In the experiential room, another woman raced elatedly to an image to get a snap with a penguin work by Gavin Shapiro, who beamed nearby. It turned out she was a collector, who had purchased an NFT.

Shapiro is a New York City-based digital artist who characterizes his goal as “to produce work that makes you smile.” He came to Charleston with his fiancée, whose background is in the New York art world.

After teasing an 11:30 p.m. event and counting it down on the screens, Beeple himself manned a control center in the middle of the room to intently drive a mouse hither and yon.

On the spot, he was making an audience-driven Everyday, #5793. At his monitor, he wrangled visual elements like marching military soldiers, exotic trees and an American flag — sizing, manipulating, distorting, placing, rotating. All of this was simulcast, including footage of an outsize Beeple bathed in a blue glow, creating and mulling and scratching his head, with a DJ booming club music — that is, until the reveal, when it cued “Breathe” by Pink Floyd.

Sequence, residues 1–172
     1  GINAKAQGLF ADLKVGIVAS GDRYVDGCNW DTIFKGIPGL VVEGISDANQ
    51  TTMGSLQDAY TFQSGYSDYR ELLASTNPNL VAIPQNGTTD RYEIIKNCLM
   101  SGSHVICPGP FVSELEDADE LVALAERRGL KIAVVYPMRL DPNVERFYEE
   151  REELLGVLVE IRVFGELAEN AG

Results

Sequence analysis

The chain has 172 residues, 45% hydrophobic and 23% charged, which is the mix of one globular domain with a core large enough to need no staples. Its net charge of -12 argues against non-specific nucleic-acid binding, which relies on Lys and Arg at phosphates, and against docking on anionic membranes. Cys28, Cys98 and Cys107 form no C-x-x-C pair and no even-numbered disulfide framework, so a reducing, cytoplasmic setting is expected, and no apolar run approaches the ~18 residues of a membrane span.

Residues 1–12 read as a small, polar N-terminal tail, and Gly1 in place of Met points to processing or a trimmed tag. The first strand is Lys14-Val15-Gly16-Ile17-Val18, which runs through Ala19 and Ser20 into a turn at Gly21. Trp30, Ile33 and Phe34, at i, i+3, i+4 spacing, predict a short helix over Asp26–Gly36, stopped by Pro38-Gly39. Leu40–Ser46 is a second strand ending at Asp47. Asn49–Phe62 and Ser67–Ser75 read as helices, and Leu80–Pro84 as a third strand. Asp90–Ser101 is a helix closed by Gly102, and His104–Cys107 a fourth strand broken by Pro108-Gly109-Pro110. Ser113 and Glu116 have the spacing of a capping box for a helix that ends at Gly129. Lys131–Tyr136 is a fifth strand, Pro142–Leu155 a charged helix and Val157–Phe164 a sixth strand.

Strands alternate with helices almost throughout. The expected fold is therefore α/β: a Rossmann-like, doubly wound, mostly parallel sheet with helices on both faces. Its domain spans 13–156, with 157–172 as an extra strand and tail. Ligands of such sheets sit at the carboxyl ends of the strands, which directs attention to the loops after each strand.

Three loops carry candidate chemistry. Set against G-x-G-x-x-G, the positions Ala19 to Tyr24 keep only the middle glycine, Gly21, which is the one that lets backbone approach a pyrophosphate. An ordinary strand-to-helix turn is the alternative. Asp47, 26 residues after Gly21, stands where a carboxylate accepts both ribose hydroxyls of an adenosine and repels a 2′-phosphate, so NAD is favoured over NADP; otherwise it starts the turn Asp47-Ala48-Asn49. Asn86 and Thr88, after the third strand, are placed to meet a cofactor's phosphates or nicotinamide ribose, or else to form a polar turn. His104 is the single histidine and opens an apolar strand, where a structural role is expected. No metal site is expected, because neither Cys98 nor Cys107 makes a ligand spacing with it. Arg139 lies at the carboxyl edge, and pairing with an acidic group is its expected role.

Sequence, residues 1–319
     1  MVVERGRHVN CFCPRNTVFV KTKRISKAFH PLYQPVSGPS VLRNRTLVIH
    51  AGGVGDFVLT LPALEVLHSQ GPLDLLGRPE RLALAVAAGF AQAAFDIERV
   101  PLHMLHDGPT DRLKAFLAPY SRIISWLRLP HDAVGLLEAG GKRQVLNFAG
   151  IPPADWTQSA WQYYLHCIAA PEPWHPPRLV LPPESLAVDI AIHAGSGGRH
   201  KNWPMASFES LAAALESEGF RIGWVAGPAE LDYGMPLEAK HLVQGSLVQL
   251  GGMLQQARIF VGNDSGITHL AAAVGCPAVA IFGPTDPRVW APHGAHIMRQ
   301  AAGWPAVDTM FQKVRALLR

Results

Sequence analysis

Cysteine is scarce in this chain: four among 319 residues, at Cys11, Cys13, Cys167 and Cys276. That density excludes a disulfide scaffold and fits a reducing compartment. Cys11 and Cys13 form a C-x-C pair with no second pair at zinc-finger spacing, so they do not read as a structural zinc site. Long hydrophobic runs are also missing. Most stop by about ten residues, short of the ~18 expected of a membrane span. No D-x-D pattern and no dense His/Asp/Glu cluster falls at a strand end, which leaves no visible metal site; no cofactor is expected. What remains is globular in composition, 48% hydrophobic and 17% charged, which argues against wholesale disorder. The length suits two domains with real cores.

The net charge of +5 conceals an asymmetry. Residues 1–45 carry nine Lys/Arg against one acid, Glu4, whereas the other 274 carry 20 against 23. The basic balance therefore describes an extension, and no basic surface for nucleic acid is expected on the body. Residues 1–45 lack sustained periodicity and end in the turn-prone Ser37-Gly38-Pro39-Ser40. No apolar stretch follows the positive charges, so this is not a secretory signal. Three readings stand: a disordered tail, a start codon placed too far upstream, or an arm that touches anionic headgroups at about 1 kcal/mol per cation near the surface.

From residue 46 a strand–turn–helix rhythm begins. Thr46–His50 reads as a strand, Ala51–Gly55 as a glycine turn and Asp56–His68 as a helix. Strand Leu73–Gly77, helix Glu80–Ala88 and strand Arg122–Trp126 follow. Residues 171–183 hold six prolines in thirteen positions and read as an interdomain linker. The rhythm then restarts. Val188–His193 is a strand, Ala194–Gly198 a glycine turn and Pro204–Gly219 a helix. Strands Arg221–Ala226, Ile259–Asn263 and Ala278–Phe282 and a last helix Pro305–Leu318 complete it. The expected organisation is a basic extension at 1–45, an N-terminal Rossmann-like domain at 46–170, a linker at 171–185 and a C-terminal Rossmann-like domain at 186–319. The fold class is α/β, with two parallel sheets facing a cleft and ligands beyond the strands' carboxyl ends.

The only hint of conflict came from the overzealous scrum to get one of the pages that were floating down from black boxes mounted on the ceiling — a brick-and-mortar nod to the virtual “air drop” practice of releasing NFTs to influencers and other supporters. At the event, the “air-dropped” papers with gallery-style red dots could be traded in for an NFT of Beeple’s work.